Anyone who values individual freedom and autonomy is likely to shrug their shoulders about this with pity. Could the use of the human dimension be a reason for criminalisation? Impossible and literally antisocial.
Incidentally, the government's desire for control has led to the monstrosity of the Dutch ‘Coronavirus Act’, and similar legislation in other countries. However, we cannot ignore the more subtle processes either. Think, for example, of the various protocols for the 1.5 metre society, governments have drawn up in cooperation with various sector organisations. The fact that security and intelligence agencies could not wait for the corona apps to be introduced, does not sound strange anymore, and actually says it all.
‘The New normal' as a constant stress factor
The coronavirus causes countless victims and disrupts the economy in daily life, which will continue in the near future. Whether everything will ever return to normal is still a big question, but it seems certain that many thousands of people will be struggling to overcome the measures that have been and are being taken in the years to come. Doctors warn of a wave of people with mental health problems and post-traumatic stress syndrome (PTSD). A Mexican study has shown that more than 25% of a research group struggled with severe psychological pressure. There were symptoms of clinically significant post-traumatic stress. These are mainly related to social factors, such as 'relationship status', 'number of people in the household' and 'number of days in isolation'.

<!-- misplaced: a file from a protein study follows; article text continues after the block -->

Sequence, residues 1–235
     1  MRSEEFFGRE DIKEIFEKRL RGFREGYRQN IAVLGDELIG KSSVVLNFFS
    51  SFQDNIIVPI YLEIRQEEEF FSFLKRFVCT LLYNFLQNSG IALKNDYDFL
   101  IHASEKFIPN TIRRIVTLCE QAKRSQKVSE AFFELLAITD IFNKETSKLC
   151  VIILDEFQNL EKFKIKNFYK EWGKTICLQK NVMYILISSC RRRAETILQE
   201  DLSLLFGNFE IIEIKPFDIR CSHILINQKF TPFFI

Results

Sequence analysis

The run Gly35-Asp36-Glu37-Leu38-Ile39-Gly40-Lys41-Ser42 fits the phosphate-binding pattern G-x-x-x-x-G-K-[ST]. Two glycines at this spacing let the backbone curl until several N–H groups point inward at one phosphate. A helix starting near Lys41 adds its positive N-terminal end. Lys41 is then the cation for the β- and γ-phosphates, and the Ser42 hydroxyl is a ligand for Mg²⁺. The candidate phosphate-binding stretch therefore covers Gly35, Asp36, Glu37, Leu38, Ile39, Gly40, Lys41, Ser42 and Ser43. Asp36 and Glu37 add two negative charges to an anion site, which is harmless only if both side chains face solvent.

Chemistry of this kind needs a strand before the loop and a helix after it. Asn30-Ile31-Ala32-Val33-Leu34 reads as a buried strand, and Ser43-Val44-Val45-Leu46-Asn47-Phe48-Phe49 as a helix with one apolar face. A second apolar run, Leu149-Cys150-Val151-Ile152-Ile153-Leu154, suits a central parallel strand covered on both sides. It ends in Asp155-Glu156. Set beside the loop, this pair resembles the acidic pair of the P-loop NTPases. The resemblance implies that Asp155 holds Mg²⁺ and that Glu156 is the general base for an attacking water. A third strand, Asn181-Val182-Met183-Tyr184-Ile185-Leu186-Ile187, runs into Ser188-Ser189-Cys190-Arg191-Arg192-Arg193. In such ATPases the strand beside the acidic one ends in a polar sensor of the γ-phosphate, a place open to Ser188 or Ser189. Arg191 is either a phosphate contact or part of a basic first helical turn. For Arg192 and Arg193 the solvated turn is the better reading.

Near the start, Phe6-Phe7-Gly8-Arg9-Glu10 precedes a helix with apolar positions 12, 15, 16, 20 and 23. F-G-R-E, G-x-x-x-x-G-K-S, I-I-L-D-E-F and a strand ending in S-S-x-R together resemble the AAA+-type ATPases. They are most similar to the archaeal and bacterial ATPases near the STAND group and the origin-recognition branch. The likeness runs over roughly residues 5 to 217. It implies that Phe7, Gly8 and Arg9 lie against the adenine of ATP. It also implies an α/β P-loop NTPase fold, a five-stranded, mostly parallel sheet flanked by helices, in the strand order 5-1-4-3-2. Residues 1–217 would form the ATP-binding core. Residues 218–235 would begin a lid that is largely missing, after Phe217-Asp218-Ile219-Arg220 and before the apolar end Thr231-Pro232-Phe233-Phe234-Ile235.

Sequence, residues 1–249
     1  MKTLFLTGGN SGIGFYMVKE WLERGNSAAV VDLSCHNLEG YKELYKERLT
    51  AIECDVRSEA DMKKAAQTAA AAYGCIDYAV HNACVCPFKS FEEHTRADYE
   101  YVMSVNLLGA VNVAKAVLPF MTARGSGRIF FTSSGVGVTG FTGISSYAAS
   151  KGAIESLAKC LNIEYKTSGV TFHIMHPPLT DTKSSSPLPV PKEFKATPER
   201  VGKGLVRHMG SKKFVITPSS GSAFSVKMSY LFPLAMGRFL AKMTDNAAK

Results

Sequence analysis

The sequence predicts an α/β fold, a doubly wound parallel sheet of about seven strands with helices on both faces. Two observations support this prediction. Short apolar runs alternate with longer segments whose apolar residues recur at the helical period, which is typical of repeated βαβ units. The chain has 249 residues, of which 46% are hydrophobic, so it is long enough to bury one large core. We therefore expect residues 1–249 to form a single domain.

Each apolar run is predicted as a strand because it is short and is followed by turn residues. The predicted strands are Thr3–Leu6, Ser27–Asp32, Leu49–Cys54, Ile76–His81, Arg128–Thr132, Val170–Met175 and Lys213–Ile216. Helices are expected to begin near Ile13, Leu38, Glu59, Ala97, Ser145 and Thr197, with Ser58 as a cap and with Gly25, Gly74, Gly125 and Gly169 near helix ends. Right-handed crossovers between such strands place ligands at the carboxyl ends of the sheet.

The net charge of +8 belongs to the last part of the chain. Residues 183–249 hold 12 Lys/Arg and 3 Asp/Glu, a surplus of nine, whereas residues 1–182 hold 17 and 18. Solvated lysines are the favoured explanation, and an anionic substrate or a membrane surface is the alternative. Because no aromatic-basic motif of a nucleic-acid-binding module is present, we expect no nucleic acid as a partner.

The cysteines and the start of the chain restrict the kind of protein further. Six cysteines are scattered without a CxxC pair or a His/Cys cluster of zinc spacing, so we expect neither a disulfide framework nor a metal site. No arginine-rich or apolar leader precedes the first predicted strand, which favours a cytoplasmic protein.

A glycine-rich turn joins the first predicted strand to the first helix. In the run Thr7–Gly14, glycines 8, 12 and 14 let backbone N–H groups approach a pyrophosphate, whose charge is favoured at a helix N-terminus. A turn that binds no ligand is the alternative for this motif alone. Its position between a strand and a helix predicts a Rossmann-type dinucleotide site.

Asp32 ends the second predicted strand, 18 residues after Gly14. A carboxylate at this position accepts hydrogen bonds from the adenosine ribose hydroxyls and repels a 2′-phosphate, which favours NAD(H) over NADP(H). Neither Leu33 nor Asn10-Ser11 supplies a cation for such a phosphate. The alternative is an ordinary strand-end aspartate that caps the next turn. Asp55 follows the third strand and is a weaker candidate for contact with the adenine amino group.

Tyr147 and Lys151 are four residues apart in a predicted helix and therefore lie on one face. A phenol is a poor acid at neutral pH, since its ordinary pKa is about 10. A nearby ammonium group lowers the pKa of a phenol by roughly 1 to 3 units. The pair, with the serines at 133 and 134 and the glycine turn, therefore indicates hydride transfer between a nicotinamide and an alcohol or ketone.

For many, social distancing implies that they literally cannot be touched. Surely this should not be the norm in a culture with roots like ours. It is unhealthy, cruel and mechanically inspired: spreadsheet survival. It deprives us of the context of loving touch and instead introduces cold-hearted control.
Where meaning disappears, control appears. Always, here and now.
Rotterdam, November 2020